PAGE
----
# Ring extension

In algebra, a **ring extension** of a ring *R* by an abelian group *I* is a pair (*E*, ) consisting of a ring *E* and a ring homomorphism that fits into the short exact sequence of abelian groups:

Note *I* is then a two-sided ideal of *E*. Given a commutative ring *A*, an ** A-extension** is defined in the same way by replacing "ring" with "algebra over

*A*" and "abelian groups" with "

*A*-modules".

An extension is said to be *trivial* if splits; i.e., admits a section that is an algebra homomorphism.

A morphism between extensions of *R* by *I*, over say *A*, is an algebra homomorphism *E* → *E'* that induces the identities on *I* and *R*. By the five lemma, such a morphism is necessarily an isomorphism, and so two extensions are equivalent if there is a morphism between them.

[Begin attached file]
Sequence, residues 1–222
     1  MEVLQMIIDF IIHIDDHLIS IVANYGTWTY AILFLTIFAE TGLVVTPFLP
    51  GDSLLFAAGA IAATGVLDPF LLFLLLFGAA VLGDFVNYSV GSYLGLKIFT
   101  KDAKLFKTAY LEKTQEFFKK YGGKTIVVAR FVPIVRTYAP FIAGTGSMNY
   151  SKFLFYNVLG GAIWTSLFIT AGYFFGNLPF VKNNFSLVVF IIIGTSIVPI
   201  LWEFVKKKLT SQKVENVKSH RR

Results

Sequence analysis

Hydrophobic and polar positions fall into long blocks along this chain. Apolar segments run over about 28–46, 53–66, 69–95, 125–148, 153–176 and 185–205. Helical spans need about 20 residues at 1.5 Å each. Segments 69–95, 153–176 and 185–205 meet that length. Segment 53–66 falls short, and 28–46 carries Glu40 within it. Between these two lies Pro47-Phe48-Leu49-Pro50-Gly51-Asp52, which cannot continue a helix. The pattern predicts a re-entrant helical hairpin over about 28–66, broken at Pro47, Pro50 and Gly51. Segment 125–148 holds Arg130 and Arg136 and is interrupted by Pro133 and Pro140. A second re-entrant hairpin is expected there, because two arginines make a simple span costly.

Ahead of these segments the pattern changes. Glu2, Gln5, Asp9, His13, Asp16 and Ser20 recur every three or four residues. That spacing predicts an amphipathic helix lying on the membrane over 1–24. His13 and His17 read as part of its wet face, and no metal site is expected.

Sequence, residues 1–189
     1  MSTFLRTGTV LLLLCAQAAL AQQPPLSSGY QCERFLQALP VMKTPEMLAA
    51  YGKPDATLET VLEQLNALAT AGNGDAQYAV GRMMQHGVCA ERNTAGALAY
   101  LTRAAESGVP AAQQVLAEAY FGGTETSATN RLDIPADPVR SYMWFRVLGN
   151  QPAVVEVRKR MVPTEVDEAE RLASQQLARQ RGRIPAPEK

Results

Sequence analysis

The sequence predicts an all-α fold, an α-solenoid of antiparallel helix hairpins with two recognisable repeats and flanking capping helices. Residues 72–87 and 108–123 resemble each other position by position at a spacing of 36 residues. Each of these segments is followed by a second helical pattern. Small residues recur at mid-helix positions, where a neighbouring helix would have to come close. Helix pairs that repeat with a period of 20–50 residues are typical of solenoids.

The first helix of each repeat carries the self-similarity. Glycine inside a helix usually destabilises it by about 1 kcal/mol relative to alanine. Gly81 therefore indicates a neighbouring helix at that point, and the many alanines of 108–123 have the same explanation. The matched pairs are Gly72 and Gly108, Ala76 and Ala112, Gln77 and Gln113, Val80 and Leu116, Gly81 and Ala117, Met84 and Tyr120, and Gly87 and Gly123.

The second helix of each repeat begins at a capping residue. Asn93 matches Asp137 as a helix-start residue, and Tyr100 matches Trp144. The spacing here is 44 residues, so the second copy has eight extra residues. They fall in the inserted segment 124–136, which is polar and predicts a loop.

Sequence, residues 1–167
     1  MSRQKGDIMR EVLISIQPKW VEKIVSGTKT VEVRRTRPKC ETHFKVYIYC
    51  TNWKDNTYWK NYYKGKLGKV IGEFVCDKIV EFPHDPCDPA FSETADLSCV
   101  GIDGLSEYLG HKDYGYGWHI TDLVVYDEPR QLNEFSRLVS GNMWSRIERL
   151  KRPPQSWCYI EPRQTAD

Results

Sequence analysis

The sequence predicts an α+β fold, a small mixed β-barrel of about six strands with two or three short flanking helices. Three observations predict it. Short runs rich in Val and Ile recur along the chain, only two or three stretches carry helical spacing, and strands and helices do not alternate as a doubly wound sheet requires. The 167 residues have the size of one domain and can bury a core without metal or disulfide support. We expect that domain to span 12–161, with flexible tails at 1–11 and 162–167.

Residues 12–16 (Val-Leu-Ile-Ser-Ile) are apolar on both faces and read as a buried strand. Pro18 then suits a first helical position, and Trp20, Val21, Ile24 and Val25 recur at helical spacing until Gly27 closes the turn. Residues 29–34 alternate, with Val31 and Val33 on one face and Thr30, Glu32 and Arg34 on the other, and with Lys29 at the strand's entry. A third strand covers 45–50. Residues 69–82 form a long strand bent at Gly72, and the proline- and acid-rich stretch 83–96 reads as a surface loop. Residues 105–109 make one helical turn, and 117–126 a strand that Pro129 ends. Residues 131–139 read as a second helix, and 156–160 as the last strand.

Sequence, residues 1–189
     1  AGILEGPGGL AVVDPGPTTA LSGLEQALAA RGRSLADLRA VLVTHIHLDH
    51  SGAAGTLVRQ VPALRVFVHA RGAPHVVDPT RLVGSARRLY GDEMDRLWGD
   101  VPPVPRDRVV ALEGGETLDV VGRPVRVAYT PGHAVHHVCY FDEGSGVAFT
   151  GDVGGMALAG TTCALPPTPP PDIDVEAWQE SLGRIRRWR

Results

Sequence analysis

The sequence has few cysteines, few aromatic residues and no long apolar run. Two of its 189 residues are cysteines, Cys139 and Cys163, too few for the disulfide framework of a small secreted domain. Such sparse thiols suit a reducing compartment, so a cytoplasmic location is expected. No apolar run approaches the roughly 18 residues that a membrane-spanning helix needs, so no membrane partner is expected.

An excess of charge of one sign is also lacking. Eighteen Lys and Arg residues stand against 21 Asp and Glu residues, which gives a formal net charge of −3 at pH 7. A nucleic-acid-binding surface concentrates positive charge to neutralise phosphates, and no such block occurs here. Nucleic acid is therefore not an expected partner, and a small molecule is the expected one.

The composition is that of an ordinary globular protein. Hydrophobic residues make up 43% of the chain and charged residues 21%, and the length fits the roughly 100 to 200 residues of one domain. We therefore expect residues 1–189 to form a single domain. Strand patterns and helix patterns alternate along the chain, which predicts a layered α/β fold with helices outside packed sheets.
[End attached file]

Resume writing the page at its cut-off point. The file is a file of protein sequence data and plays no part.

**Example**: Let *R* be a commutative ring and *M* an *R*-module. Let *E* = *R* ⊕ *M* be the direct sum of abelian groups. Define the multiplication on *E* by

Note that identifying (*a*, *x*) with *a* + *εx* where ε squares to zero and expanding out (*a* + *εx*)(*b* + *εy*) yields the above formula; in particular we see that *E* is a ring. We then have the short exact sequence

where *p* is the projection. Hence, *E* is an extension of *R* by *M*. One interesting feature of this construction is that the module *M* becomes an ideal of some new ring. In his "local rings", Nagata calls this process the *principle of idealization*.